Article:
On December 12th, Chef and Restaurateur Graham Elliot opened the doors to his first East Coast adventure, Primary Food & Drink in Greenwich, CT. Elliot partnered with Executive Chef and Managing Partner Merlin Verrier to develop and present a menu of contemporary American seasonal cuisine in this refined, but casual atmosphere restaurant.
UPDATE: Unfortunately, Primary closed in June of 2014. See the Greenwich Patch for more details.
Primary Food & Drink opens nightly at 5:00 pm, serving dinner until 10:00 pm Sunday through Thursday and until 11:00 pm on Fridays and Saturdays. It is located at 409 Greenwich Avenue in Greenwich, CT.
Chef Verrier has worked with Graham for six years and up until this move he was the Director of Operations for all of Graham Elliot restaurants in Chicago. Verrier’s culinary path has taken him from the west Coast to the east Coast of the United States, starting in California with a stop in Denver to work with Chef Richard Sandoval at Modern Mexican, Chefs Max Macissock and Carl Kelin at Great Northern Tavern and Chef Jennifer Jasinski to Chicago working with Graham and now at Primary Food & Drink.
Verrier has stated: “We first fell in love with Greenwich by participating in the annual Food & Wine Festival. Being close to a seaboard and having access to ingredients you just can’t get in the Midwest was an exciting prospect,” said Verrier. “Once we connected with a Greenwich native as our partner, the pieces fell into place and Primary just made sense as a next step for the brand.”
Chefs Elliot and Verrier have created a menu that offers creative spins on traditional classic dishes such as Deconstructed Caesar served with brioche “twinkie,” Shortrib Stroganoff with truffle coulis, and Berkshire Porkchop with rootbeer BBQ sauce.
As we walked in the door, earlier that our reservations, we were quickly greeted and told we could enjoy a cocktail in the bar area or go directly to our table. When you enter Primary, you step into the “parlor,” the bar / lounge area with marble-topped bar, dark brown, wood, and mosaic checkered floor in shades of white and navy. We opted for our table and off we went through the dining area. The dining area is simply decorated with mirrors on the walls and rich, tan leather one-sided booths with chairs on the open side of the oak tables. A second dining room, which can be curtained off for private events, showcases vintage wallpaper and local artwork. We had the privilege of being seated at the “chef’s” table that was just in front of the open kitchen. The aromas existing the kitchen carried right over our table the entire evening, with the lovely aromas setting our taste buds afire with excitement.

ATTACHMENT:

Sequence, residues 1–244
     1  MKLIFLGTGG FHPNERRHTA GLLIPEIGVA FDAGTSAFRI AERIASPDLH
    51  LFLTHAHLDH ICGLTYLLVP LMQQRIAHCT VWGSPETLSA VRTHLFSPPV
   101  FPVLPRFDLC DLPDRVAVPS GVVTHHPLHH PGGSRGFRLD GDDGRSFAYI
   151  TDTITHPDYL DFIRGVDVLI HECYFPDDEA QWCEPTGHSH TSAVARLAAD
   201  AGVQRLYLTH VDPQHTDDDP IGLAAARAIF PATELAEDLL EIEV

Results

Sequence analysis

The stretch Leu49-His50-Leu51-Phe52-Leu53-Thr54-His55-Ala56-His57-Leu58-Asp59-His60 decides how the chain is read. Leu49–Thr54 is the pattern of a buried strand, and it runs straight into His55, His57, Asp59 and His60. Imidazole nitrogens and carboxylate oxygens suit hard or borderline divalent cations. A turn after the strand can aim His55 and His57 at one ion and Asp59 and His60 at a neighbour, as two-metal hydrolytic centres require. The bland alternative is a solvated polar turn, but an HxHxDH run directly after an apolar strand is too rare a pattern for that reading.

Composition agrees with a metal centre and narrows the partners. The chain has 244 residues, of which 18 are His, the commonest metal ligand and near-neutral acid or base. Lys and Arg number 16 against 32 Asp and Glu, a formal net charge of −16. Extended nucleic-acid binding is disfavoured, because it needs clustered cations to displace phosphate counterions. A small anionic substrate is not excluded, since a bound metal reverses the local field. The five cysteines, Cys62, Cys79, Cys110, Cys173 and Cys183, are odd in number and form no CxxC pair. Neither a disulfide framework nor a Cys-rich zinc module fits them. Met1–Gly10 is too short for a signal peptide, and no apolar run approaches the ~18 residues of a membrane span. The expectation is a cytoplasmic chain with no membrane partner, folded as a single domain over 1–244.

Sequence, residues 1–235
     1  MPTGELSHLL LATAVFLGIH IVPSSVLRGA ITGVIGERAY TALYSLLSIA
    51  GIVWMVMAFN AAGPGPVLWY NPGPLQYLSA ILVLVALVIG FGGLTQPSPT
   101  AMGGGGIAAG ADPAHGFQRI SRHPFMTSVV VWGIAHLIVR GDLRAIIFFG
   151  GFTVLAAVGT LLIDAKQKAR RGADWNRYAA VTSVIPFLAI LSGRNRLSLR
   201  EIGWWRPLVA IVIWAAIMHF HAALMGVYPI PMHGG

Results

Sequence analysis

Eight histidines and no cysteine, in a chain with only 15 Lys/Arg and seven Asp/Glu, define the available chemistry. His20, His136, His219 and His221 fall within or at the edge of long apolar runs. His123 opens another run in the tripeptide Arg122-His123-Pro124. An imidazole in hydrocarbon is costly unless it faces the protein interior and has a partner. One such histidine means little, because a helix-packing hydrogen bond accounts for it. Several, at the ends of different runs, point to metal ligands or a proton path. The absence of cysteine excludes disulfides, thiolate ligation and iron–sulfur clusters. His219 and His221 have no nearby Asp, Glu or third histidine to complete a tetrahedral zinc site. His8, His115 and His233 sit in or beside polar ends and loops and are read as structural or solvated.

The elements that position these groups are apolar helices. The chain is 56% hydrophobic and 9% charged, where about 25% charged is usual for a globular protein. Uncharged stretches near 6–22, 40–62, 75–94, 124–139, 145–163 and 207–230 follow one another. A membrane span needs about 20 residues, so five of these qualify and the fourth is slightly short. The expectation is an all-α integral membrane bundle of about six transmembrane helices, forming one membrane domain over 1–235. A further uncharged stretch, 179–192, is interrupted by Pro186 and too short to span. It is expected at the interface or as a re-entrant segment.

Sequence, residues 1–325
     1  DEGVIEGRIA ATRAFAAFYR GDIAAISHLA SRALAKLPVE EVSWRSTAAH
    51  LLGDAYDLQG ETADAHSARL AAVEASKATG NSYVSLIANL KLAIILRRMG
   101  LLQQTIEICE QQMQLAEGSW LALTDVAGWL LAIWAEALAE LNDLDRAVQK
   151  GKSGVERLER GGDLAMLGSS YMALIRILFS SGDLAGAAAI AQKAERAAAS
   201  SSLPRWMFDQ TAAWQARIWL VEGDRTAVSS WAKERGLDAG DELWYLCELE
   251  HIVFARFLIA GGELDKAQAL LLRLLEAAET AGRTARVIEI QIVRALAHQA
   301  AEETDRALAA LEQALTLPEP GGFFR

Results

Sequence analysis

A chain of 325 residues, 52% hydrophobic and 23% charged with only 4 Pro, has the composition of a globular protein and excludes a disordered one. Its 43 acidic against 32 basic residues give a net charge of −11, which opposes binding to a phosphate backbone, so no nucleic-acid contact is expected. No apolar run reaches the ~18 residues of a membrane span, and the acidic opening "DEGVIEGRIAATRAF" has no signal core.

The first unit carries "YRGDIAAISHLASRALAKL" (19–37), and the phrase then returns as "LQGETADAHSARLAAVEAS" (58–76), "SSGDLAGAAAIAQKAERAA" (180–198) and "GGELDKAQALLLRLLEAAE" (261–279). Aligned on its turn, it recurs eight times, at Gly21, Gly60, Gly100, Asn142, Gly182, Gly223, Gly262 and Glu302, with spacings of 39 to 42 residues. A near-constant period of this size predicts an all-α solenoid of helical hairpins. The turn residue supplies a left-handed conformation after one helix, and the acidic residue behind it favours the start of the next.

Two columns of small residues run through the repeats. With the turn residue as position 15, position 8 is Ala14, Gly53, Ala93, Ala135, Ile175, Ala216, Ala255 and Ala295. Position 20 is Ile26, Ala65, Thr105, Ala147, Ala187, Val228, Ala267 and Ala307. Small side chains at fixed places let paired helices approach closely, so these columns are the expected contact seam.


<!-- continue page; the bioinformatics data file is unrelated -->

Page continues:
Once we were seated, Chef Verrier came out and introduced himself and chatted with us for a few minutes telling us about his culinary history and path to Primary. He also shared his approach to food: playful, somewhat whimsical, full of flavor capitalizing on the freshest ingredients locally available for the time. We agreed that a sampling of his menu would be the best approach as that would let us enjoy and taste a variety of offerings. Some menu items are secret, available, but not on the menu, more about that later.